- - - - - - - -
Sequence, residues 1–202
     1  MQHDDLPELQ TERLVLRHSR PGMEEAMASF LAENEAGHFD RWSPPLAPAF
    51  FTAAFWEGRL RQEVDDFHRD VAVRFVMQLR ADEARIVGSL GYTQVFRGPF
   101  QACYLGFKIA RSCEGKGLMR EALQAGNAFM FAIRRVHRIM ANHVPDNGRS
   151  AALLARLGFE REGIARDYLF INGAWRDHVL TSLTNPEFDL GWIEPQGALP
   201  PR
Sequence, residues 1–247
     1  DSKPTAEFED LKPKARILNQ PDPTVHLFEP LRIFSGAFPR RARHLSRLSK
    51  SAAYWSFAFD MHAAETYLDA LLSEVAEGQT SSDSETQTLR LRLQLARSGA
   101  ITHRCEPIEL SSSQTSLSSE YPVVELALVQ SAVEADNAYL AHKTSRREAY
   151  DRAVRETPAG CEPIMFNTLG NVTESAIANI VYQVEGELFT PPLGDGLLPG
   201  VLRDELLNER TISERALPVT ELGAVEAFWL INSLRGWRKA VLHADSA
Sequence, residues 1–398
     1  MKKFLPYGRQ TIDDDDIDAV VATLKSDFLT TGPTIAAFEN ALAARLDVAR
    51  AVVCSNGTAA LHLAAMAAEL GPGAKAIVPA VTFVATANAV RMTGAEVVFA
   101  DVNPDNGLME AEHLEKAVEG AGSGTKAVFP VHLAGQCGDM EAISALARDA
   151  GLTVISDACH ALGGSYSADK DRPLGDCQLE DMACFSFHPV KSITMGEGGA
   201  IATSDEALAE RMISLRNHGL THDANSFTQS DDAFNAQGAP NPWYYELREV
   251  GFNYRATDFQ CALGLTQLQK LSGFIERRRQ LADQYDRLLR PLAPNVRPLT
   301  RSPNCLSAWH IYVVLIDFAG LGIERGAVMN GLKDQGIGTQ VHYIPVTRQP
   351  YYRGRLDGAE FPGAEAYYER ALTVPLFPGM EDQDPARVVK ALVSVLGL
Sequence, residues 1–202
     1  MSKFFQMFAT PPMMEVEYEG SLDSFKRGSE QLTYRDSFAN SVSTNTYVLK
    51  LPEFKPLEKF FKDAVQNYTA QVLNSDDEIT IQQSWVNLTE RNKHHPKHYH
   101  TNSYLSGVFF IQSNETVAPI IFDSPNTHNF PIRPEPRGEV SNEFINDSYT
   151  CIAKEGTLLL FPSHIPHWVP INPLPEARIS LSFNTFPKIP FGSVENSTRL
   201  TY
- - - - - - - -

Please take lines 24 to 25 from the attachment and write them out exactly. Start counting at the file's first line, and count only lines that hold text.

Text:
    51  LPEFKPLEKF FKDAVQNYTA QVLNSDDEIT IQQSWVNLTE RNKHHPKHYH
   101  TNSYLSGVFF IQSNETVAPI IFDSPNTHNF PIRPEPRGEV SNEFINDSYT